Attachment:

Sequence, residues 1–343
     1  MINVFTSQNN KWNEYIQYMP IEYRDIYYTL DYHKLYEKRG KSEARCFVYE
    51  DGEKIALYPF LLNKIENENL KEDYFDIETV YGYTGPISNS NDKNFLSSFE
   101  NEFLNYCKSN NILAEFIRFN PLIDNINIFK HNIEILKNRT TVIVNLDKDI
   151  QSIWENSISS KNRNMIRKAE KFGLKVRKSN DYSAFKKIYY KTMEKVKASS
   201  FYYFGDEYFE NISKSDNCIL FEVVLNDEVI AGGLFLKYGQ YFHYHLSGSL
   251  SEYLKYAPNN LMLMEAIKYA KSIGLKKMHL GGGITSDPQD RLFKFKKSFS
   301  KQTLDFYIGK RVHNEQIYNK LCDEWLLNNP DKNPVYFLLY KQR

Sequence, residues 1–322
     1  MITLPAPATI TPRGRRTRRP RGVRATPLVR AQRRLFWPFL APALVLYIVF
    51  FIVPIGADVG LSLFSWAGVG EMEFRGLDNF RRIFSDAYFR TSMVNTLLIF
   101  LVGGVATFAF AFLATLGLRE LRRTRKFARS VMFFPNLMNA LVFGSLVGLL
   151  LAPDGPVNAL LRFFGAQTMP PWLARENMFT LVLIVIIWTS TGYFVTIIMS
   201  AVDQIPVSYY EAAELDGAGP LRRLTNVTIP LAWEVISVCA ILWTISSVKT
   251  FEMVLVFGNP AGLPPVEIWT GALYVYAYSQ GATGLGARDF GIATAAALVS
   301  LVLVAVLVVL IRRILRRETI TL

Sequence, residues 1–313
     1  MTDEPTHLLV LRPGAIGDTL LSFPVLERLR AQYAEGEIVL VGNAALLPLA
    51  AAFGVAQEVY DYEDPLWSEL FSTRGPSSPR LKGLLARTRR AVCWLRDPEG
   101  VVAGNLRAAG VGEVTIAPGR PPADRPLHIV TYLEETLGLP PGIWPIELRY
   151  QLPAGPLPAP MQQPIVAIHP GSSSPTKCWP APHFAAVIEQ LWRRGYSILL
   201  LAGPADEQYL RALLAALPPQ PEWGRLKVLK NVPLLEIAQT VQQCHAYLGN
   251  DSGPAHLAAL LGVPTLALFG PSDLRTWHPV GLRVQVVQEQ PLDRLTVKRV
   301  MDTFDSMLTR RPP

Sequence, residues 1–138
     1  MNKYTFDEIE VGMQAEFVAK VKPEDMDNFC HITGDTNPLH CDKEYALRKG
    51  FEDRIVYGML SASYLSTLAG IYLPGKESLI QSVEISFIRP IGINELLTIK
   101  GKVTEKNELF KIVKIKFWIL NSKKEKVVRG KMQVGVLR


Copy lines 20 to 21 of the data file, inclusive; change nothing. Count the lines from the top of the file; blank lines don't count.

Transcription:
   101  VVAGNLRAAG VGEVTIAPGR PPADRPLHIV TYLEETLGLP PGIWPIELRY
   151  QLPAGPLPAP MQQPIVAIHP GSSSPTKCWP APHFAAVIEQ LWRRGYSILL